The workplace is essentially a melting pot of different backgrounds, interests, personalities, experiences, and generations, all vastly divergent but presumably possessing at least one common demoninator and goal: the development of their professional career and the success of the organization.  So how can we take this heterogenous assortment of colleagues, overcome all of the diversity and progress towards our common goals?
When personality conflicts arise at work, it can distract from your focus on tasks and depreciate your workplace experience, perhaps making it even downright unbareable to walk into office each morning.  Some days, you might feel like shooting off a scathing email to an employee you didn’t see eye to eye with at the water cooler this morning. Some days you may even feel like leaping over your cubicle wall and pummeling the bothersome coworker.  However, besides being juvennile, illegal, and something your mother would be ashamed of, this is not a productive manner in dealing with personality conflict in a professional environment.
So what’s the best way to deal with these types of situations without profanity, name-calling, tripping, hair pulling, and elbow biting?  Read below for tips from a post on 7 steps for resolving personality conflicts in the workplace.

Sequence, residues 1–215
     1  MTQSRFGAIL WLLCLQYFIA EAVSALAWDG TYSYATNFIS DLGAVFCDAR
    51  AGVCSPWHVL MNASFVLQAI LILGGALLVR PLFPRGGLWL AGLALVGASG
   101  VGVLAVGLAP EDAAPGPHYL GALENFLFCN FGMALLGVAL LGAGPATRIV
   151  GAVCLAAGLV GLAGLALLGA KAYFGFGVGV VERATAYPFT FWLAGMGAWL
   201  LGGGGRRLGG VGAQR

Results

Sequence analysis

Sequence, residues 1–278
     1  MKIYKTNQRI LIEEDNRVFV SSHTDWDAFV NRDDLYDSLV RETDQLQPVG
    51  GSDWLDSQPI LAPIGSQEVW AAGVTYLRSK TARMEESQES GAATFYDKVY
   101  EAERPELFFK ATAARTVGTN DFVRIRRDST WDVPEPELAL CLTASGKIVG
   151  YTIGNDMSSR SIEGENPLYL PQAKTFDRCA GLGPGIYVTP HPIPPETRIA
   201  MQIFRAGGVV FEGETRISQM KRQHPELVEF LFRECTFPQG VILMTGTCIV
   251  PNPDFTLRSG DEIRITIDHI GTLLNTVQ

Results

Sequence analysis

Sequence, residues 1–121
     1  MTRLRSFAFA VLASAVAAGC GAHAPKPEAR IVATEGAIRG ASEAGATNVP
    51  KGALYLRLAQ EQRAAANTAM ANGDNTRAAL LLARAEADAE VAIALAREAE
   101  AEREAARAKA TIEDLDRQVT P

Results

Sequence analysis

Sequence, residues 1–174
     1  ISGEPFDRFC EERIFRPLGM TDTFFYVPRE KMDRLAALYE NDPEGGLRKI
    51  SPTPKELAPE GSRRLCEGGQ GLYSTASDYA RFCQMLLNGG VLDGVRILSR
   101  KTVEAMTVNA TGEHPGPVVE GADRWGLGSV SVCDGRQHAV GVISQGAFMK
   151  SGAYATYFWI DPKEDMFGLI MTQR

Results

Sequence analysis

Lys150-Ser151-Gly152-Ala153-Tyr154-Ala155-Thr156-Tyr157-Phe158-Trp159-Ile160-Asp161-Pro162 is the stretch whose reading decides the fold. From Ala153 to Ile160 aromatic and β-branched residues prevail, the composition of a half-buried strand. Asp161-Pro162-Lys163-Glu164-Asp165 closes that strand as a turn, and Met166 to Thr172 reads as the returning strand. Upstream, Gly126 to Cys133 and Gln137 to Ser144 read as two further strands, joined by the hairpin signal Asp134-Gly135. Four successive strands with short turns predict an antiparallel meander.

1) Maintain friendliness:
Cordial and courteous actions and words are often all that is required to mitigate personality conflicts. Maintain a friendly environment and you may very well maintain a “personality conflict free” environment.
2) Keep it professional:
Professionalism is a pertinent factor to keep tempers and attitudes from getting out of control. The Type-A personality is a great person to have on the team, but the Type-A personality can cause problems if there isn’t a clear practice of professionalism.
3) Determine the source of problems:
When conflicts arise, do not dismiss them as matters of personality. Seek to resolve any and all underlying problems, differences of opinion, and genuine work issues. Focusing attention on problems that matter will unite the team and draw attention to teamwork.
4) Document conflicts:
When conflicts do arise, it is important to keep track of the problems to determine the depth and breadth of the issues that infect your workplace. Documentation can also be used to determine an underlying source of problems or avoidable trends in conflicts.
5) Keep relevant parties informed:
Conflicts should not be swept under the rug and hidden. Problems will haunt your team and infect your work; conflicts need to be resolved – this is the only way to maintain the unity and effectiveness of a team.
6) Don’t hesitate to take the issue higher:
Sometimes a team member may need to be laterally transferred in order to put personality issues in perspective. If properly managed, a personality conflict should never lead to firing a team member, but under some circumstance a lateral transfer may be the best answer. If you do not have the authority to transfer someone, take the issue to those with the authority. Keep in mind, proper documentation will probably be required in order to make the case, so go back to step number 4.
7) Keep it professional:
All in all, keep things professional. We are all different and this is the value of a team.